The hidden costs of light rail across the I-90 bridge
Special to The Times
Before billions of tax dollars are devoted to any major transportation project, it makes sense to determine what is being replaced, the project's cost, its benefit, and whether it will reduce traffic congestion.
Most people think light rail would be an improvement over our existing modes of travel. However, light rail and/or transit are not a cure-all for our transportation ills.
Transit ridership in Central Puget Sound amounts to less than 3 percent of the total daily travel. Yet, the Puget Sound Regional Council's Metropolitan Transportation Plan for 2030 allocates half of total transportation expenditures to transit and hopes that transit's market share will increase to 4.5 percent of daily travel. Meanwhile, our roadway system, with the other half of funding, would serve the other 95 percent of travel. The disparity between ridership being served and proposed dollars should be apparent.
During the past 30 years, our state's population has doubled. This growth will continue. Unfortunately, Washington has failed to meet the rising demands for additional highway lanes, particularly in Central Puget Sound.
This leads to Sound Transit's proposed Interstate 90 corridor acquisition. Under its proposal, the I-90 center corridor would be acquired by Sound Transit exclusively for light rail between Seattle and the Eastside. Buses, vanpools, HOVs and all Mercer Island vehicular traffic now using this inner corridor would be rerouted to the outer lanes.
The result would be increased delays and congestion on all traffic moving between Seattle and the Eastside. The cost of building light rail to the Eastside would be $6 billion. The I-90 bridge would suffer a vehicle capacity loss of one-third compared with today. Even with an optimistic doubling of transit ridership, there would be a 9-percent loss of total (vehicle and transit) person trips.
Light rail would not give us either the flexibility or the capacity that rapid bus service offers at a small fraction of the cost. Bus rapid transit can share the center lanes, thus avoiding the one-third loss of vehicular traffic.
Seattle-Eastside light rail presents safety problems. A railroad has never been put on a floating bridge anywhere in the world. Even with major steps of grinding down the concrete surface, replacing concrete barriers with cable barriers and new transition sections to offset the extra weight, the sheer weight of the rails and equipment means that the bridge would be at 98 percent of its load-carrying capacity.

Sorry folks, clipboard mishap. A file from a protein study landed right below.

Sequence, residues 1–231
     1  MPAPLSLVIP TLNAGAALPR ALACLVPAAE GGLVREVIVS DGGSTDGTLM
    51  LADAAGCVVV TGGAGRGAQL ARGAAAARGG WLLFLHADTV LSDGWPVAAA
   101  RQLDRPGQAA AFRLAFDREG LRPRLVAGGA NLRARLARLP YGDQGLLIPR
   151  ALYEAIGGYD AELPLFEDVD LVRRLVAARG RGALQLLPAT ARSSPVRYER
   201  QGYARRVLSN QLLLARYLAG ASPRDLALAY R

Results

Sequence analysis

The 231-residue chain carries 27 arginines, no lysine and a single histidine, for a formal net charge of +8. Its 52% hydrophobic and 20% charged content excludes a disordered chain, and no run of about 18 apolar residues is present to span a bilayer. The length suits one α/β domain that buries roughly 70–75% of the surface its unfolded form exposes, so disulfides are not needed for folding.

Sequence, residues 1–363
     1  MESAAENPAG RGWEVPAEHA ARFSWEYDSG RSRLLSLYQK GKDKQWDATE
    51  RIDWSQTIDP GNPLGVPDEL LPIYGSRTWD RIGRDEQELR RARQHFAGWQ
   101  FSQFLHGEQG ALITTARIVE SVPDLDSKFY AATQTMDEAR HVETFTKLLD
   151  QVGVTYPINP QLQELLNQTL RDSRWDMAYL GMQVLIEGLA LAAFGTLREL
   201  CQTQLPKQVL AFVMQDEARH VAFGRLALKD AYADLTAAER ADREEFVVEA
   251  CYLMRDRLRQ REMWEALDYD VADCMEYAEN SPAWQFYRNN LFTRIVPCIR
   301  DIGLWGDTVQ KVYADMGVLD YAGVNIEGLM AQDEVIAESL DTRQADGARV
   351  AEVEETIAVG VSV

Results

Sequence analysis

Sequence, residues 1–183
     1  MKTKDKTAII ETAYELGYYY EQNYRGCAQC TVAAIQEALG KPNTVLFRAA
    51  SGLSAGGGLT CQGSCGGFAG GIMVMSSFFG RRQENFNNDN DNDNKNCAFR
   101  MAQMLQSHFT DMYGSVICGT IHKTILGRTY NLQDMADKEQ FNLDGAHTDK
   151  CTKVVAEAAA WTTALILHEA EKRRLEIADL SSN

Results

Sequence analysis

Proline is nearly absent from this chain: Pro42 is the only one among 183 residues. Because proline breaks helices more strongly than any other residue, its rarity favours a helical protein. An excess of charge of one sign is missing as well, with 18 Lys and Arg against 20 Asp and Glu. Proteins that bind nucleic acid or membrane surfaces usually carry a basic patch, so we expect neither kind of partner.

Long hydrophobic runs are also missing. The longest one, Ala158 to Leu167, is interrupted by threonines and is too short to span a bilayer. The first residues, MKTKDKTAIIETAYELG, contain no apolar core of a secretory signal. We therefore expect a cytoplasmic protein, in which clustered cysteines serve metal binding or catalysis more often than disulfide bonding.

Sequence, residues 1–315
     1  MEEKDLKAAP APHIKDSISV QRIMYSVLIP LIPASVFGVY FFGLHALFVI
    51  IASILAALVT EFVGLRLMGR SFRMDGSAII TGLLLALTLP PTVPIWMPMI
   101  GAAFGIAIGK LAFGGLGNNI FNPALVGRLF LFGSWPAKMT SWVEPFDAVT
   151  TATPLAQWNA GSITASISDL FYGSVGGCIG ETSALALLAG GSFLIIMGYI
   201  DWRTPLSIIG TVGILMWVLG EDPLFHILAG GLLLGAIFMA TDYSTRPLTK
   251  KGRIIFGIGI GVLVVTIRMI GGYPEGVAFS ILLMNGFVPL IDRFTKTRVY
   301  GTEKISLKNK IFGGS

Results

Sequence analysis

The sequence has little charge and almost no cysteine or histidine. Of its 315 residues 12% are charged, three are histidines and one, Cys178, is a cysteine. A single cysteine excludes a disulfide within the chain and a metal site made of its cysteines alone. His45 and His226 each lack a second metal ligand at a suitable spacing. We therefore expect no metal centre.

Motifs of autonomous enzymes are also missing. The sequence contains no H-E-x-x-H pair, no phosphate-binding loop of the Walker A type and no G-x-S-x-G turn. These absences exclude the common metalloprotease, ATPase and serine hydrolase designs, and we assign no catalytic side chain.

Our state has a sad record of floating bridges that sink. Remember the Mercer Island floating bridge going under in 1990, or the sinking of the Hood Canal floating bridge in 1979? A 2-percent safety factor hardly fills us with confidence for future bridge use.
Aside from the cost of converting the center corridor to light rail, one has to ask by what right would Sound Transit acquire this center corridor? This would constitute a "taking" of state highway property now belonging to all Washington taxpayers.
Utilizing the two center lanes exclusively for light rail would require compensating the state for such a taking. This would be in accordance with the provisions of the state constitution's 18th Amendment and involve the provisions of state law (RCW 47.12) requiring that the property is "no longer required for highway purposes" and "is in the public interest" before a transfer takes place.
A more seminal issue would be whether such taking would rise to the level of being in the public interest. Prior to the time of a taking, there should be a finding of public purpose, welfare and/or benefit. Such taking would require approval of both the Washington State Department of Transportation and the attorney general.
Compensation to the state should equate to the replacement cost of the center corridor, e.g., a new bridge across Lake Washington. Adding this replacement cost to the construction cost of light rail adds many billions of dollars to this already expensive light-rail project.
The proposed taking of the I-90 center corridor should be viewed for what it really is: an unwarranted, unnecessary, unproductive, wasteful and essentially disruptive use that would contribute to congestion, not alleviate it.
If Sound Transit desires to cross Lake Washington, let it undertake the cost of acquiring the necessary right of ways and building the necessary infrastructure to do so. Then we can see if the taxpaying public thinks this extremely expensive project is worth it.
George Kargianis is the former chief examiner of the Washington Utilities and Transportation Commission, former member of the state Transportation Commission and currently a member of the Eastside Transportation Association. Phil Talmadge is a former state senator and former state Supreme Court justice.
Copyright © 2007 The Seattle Times Company